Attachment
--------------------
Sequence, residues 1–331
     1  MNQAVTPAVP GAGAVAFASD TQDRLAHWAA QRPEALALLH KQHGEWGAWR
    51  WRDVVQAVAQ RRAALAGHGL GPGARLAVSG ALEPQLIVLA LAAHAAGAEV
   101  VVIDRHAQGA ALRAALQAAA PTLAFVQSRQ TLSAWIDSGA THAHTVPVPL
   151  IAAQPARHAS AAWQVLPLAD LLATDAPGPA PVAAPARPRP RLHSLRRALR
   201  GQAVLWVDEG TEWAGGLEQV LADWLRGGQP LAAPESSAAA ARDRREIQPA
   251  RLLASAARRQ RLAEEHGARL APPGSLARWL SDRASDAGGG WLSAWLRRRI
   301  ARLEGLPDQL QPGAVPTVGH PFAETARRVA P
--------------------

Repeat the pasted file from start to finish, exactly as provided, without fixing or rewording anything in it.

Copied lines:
Sequence, residues 1–331
     1  MNQAVTPAVP GAGAVAFASD TQDRLAHWAA QRPEALALLH KQHGEWGAWR
    51  WRDVVQAVAQ RRAALAGHGL GPGARLAVSG ALEPQLIVLA LAAHAAGAEV
   101  VVIDRHAQGA ALRAALQAAA PTLAFVQSRQ TLSAWIDSGA THAHTVPVPL
   151  IAAQPARHAS AAWQVLPLAD LLATDAPGPA PVAAPARPRP RLHSLRRALR
   201  GQAVLWVDEG TEWAGGLEQV LADWLRGGQP LAAPESSAAA ARDRREIQPA
   251  RLLASAARRQ RLAEEHGARL APPGSLARWL SDRASDAGGG WLSAWLRRRI
   301  ARLEGLPDQL QPGAVPTVGH PFAETARRVA P